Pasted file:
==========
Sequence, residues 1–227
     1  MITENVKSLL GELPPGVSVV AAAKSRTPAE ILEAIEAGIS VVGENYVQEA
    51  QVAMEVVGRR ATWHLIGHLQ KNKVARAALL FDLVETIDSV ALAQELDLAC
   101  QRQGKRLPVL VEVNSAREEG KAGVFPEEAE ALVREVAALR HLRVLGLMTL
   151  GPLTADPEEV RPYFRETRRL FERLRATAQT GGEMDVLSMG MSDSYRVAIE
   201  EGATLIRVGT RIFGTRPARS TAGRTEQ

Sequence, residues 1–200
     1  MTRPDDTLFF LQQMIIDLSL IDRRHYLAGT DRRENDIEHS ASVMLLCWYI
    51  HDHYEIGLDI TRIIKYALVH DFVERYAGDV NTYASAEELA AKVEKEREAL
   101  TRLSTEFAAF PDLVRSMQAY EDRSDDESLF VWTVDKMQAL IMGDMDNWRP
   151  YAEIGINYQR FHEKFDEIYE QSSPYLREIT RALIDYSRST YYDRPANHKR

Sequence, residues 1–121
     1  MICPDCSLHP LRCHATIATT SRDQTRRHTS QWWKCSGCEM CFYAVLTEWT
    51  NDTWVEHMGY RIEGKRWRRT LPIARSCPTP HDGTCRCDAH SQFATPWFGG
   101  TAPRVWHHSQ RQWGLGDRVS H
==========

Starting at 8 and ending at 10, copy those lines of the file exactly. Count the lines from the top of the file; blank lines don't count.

     1  MTRPDDTLFF LQQMIIDLSL IDRRHYLAGT DRRENDIEHS ASVMLLCWYI
    51  HDHYEIGLDI TRIIKYALVH DFVERYAGDV NTYASAEELA AKVEKEREAL
   101  TRLSTEFAAF PDLVRSMQAY EDRSDDESLF VWTVDKMQAL IMGDMDNWRP